National Transitional Council (Arabic: المجلس الوطني الانتقالي) is a body formed by Libyan rebel groups in the city of Benghazi on 27 February 2011 to act as the "political face of the revolution".
The National Libyan Council was formed on 27 February 2011 to act as "the political face of the revolution". Its spokesman Hafiz Ghoga made clear at the launch press conference that the national council is not a provisional government and Ghoga also added that the newly formed council was not contacting foreign governments and did not want them to intervene.
An Al Jazeera English journalist in Benghazi has reported that a fully fledged interim government will not be formed until Tripoli is under opposition control.This is in contrast to claims made by former justice minister Mustafa Mohamed Abud Al Jeleil on the previous day about the formation of a provisional government. These comments have now been clarified by the council as his "personal views". Another council spokesperson stated that Al Jeleil did not have the consensus of all rebel groups and towns before making his announcement about an interim government and this had caused "bitter feelings". Mr Ghoga also made clear that if a provisional government was indeed formed, it would not be led by Al Jeleil and that his announcement had left some opposition leaders "surprised and baffled". Al Jeleil is regarded by some opposition leaders as being too closely associated with the Gaddhafi regime.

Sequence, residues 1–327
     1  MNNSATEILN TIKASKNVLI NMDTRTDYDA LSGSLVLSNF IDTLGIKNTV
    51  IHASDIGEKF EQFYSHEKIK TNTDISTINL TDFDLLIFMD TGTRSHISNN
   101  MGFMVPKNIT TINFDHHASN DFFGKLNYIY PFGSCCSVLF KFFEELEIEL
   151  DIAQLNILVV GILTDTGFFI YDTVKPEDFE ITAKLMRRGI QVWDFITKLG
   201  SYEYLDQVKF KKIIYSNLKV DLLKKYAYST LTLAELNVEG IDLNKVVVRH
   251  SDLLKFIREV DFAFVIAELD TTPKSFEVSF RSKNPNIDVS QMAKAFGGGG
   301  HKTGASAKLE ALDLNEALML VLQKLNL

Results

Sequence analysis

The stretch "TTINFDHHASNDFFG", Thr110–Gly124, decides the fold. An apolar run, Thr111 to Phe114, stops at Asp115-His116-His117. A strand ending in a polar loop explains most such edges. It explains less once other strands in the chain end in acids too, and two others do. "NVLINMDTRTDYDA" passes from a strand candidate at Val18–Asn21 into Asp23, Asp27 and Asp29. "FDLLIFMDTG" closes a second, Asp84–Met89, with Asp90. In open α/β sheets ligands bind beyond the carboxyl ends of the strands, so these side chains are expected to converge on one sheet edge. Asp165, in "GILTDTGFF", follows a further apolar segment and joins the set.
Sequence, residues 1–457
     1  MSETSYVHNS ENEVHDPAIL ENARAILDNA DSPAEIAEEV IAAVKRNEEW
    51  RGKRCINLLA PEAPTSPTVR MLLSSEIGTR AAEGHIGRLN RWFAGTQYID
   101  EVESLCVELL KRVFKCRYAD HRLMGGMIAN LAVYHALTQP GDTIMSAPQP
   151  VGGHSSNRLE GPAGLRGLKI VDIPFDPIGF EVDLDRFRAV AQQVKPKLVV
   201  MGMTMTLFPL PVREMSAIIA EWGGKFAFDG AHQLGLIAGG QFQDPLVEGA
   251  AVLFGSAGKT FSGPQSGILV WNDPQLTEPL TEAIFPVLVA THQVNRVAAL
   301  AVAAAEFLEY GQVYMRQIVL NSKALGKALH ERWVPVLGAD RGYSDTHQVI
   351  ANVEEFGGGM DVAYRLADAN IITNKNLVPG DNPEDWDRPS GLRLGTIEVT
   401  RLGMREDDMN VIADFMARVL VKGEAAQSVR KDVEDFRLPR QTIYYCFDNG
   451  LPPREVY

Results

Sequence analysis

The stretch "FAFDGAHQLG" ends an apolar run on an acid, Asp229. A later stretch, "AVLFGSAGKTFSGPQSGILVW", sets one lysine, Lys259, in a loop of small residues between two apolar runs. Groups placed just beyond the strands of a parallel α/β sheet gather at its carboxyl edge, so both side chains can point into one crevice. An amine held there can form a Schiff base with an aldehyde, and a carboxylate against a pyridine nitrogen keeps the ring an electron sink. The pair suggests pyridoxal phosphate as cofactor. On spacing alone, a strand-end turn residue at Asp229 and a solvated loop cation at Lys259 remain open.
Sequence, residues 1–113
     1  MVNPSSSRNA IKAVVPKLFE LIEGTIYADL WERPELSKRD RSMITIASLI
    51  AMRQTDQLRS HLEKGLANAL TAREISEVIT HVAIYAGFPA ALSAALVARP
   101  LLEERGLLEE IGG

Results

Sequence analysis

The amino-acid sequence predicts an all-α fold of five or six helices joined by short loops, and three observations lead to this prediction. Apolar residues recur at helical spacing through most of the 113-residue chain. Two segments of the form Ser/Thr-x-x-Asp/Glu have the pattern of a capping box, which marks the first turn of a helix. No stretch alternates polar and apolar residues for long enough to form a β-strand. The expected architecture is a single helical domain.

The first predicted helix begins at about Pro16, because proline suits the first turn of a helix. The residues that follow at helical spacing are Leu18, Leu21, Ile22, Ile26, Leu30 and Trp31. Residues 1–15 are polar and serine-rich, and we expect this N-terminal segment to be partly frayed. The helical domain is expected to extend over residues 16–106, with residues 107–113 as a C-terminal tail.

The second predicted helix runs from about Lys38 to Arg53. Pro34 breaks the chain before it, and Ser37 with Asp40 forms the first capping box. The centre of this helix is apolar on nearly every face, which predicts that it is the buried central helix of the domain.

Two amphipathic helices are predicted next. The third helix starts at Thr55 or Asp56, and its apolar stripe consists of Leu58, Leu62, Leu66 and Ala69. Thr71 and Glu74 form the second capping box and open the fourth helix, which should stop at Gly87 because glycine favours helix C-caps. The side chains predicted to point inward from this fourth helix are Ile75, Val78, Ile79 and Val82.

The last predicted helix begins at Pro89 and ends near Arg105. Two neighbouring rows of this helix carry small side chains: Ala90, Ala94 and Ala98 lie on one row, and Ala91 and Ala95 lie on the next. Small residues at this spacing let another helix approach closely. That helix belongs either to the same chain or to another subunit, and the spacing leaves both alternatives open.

Al Jazeera English is reporting that each city or town under opposition control will be given five seats on the new council and that contact will be established with new cities that fall under opposition control to allow them to join the council. The identities of members of the council were not disclosed at the launch conference. What is known is that human rights lawyer Hafiz Ghoga (also spelled Abdel-Hafidh Ghoga) is the spokesperson for the new council. An Al Jazeera English journalist in Benghazi is stating that Mustafa Mohamed Abud Al Jeleil still has a leadership role within the new council.
After popular movements overturned the rulers of Tunisia and Egypt, its immediate neighbours to the west and east, Libya experienced a full-scale uprising beginning in February 2011. By 20 February, the unrest had spread to Tripoli. As of late February 2011, much of Libya had slipped out of Gaddafi's control, falling to the Anti-Gaddafi forces. Eastern Libya, centered around the second city and vital port of Benghazi, was firmly under the control of the opposition. The opposition began to organise themselves into a functioning government.
In opposition-held Benghazi, a 15 member "local committee" made up of lawyers, judges and respected local people has been formed in order to provide civic administration and public services within the city. Residents have organised to direct traffic and collect refuse. Many shops and businesses have opened again. A newspaper and two local radio stations have also been established.
Similar "local committees" are being formed in other cities controlled by opposition groups.